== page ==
Top Menu

Happy May Day everyone! To begin, I’d like to say thanks to Steve from Uncommon Caribbean for giving us a shout out on his fantastic website. He has been all over Martinique so I’m sure that he’s well aware of things that we’re only just now beginning to learn about this amazing island.

For example, here’s a funny Martinique anomaly that we’ve just discovered: people here typically start saying bonsoir, French for good evening, right after noon hour. Weird, huh? It seemed so to us.

In our minds, when greeting someone during the day time, bonjour (good day) would be the appropriate thing to say. And if you search this on the internet, you’ll see that most people agree that you shouldn’t switch to bonsoir until after 6:00 PM, if at all. When I quizzed our Martinique friend on why the discrepancy, she could only reason that people here watch TV from France, and thus are more in tune with the time overseas. Whether that’s the reason or not, the fact is that it’s just what people do.

Related to this, we have only just gotten used to saying ‘good night’ as a greeting in Grenada, in place of ‘good evening’. Where we come from, you only say ‘good night’ when you are leaving, and are saying good bye.

Here is another language thing to be aware of. When in the English-speaking Caribbean islands, if you order a roti at a restaurant, what you’re most likely to end up with is a burrito-type dish filled with a curry mixture of vegetables and/or meat. They’re very tasty! In Martinique though, and the other French islands, a roti generally refers to a rotisserie chicken. That’s worth noting!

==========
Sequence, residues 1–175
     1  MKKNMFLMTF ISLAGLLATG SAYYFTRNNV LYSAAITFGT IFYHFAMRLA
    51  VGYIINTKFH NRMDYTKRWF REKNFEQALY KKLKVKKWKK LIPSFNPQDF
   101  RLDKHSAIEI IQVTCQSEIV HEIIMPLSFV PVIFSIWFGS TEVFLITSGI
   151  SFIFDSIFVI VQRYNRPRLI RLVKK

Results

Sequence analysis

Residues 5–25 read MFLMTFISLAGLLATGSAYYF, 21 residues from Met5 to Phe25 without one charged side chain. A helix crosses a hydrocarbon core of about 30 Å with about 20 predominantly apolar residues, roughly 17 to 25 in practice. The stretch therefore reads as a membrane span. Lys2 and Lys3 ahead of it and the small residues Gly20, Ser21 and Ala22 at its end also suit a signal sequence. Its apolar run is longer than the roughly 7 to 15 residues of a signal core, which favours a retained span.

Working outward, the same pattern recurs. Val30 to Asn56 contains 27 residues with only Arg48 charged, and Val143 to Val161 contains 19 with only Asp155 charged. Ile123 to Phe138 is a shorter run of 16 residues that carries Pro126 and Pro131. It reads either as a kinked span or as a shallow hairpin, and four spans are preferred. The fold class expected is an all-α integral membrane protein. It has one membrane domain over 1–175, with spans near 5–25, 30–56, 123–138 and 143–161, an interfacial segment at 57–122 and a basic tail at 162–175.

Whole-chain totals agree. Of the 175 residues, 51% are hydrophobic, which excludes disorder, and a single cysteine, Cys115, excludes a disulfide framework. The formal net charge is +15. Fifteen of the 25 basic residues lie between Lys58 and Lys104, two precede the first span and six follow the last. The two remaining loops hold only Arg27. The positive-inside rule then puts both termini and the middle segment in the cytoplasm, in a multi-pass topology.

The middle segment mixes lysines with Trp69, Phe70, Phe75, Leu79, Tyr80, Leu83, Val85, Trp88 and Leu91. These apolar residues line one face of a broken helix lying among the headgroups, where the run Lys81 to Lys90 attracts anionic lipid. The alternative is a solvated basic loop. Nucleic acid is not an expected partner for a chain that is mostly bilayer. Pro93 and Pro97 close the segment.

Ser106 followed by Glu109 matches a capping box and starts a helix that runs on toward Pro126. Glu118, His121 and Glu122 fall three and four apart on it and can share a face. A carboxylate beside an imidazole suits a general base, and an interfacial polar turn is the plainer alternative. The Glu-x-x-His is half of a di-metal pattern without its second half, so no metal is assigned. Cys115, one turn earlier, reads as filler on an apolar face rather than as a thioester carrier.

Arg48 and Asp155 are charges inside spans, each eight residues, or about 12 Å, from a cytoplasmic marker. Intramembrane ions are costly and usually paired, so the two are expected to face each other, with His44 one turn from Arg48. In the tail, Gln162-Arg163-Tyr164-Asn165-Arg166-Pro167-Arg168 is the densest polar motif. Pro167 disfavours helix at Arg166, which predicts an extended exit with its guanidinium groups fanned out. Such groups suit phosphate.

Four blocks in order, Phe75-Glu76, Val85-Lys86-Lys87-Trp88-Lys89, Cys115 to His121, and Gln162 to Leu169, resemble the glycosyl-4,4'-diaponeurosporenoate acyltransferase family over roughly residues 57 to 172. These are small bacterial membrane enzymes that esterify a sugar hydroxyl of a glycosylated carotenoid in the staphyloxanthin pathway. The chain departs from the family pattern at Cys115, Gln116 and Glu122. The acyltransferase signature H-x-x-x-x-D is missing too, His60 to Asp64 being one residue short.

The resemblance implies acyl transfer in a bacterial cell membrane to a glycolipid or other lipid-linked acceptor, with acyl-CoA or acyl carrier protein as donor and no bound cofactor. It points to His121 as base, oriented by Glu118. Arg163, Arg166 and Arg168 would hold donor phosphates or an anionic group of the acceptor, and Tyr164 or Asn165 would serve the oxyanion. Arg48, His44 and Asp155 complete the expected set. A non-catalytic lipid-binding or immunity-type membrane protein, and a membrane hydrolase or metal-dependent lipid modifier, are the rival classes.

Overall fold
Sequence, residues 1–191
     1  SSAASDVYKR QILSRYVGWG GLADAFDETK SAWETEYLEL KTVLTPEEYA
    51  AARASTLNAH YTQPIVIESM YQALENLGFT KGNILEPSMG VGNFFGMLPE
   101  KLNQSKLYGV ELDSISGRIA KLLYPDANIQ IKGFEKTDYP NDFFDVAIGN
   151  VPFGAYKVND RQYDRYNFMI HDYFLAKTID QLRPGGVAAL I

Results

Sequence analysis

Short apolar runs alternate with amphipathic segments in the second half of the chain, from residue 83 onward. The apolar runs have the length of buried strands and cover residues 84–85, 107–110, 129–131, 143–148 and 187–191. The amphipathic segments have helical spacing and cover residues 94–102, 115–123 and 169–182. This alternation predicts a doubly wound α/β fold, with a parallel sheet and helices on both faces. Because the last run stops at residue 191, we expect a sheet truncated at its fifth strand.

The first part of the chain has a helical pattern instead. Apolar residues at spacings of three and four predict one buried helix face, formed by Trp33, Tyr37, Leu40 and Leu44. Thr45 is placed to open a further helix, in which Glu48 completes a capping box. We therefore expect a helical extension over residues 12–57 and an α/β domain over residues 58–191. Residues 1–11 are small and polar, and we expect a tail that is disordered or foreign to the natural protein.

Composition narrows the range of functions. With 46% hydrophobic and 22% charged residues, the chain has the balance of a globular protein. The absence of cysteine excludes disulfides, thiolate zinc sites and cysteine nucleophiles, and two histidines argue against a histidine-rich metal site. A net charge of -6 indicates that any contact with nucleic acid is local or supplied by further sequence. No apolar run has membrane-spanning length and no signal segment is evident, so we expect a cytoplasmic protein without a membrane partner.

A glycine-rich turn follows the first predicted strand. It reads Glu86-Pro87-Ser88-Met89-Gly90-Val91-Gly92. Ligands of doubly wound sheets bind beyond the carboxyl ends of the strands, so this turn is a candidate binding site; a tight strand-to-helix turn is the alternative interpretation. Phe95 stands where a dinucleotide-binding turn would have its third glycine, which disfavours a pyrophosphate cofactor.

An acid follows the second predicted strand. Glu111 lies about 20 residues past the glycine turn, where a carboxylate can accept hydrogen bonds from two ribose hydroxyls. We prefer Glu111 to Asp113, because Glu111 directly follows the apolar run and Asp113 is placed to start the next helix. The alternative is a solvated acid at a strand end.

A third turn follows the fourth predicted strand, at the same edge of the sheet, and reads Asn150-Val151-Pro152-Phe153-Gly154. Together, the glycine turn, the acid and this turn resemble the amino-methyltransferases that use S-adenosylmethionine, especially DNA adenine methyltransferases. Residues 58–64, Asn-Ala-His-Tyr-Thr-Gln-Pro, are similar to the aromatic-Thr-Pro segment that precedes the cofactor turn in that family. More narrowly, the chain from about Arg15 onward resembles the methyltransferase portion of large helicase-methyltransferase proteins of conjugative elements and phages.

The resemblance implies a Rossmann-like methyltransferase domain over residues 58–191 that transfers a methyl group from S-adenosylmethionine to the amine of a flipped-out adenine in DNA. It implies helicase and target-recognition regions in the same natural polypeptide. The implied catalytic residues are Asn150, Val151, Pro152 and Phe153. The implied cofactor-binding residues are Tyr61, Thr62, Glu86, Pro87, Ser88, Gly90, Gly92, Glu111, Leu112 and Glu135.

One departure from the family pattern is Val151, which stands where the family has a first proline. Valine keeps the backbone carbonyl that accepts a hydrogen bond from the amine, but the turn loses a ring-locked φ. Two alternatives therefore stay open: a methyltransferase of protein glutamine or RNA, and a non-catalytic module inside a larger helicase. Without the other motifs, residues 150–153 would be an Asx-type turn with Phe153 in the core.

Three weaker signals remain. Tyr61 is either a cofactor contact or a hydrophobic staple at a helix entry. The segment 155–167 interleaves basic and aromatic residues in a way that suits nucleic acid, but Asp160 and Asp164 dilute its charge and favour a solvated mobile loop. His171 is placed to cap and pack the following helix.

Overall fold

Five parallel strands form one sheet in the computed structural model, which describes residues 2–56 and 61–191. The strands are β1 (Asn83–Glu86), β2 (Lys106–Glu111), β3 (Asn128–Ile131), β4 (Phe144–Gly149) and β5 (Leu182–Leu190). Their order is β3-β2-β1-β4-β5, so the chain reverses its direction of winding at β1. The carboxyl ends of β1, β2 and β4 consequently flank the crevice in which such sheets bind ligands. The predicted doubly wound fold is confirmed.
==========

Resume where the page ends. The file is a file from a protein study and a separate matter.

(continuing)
Roti flavored potato chips! πŸ™‚

These two examples reinforce my belief that until you spend a month or more on an island, you can’t even begin to understand it. Given the language barrier for us here, I’m guessing it would take a year of more for us to get the same result.


  1. My French isn’t a good at it should be. The various versions hurt my head. Then there’s Haitian Creole. . . double ouch.

  2. Very informative! Thanks.

  3. Ha! This reminded me of when we sailed to Madagascar when I was a teenage cruising kid. Walking around town one afternoon, I greeted a group of women with “Bonjour,” only to be kindly corrected with “No, no! Bonsoir!” Confused, because 1) I spoke hardly any French and 2) thought Bonsoir was only for evening time, I did the only thing I could think of: smiled the smile of an unknowing visitor, replied with my own Bonsoir, and shuffled along.

    So, not just in Martinque!

  4. Hey Mike – just a thought about your feeling the need to be in a location for a month or more to get a feel for an island. In college when I was doing my master’s research, I joked about going to Belize and laying out on the beach to do a research project. My linstructor informed that I would be required to be local for at least six months before I would be alowed to develop a project, because the scholars felt it would take that long to begin to know enough about the local culture to be able to make intelligent questions. Needless to say, I haven’t been there yet. Still trying, but …..

  5. In french : “rΓ΄ti” is an adjective, it is more the way you cook the chicken than the chicken itself : equivalent of the “roast chicken”. So we never order “a roti”, we order a “poulet rΓ΄ti” : “roast chicken”. (poulet = chicken / rΓ΄ti = roast).

  6. French, quite confusing, even for us lol

    • πŸ™‚

      I think the hardest thing for us to grasp is the concept of masculine and feminine. We have the same difficulties with Spanish and Portuguese, and I suspect Italian although I don’t know any of that language.

Comments are closed.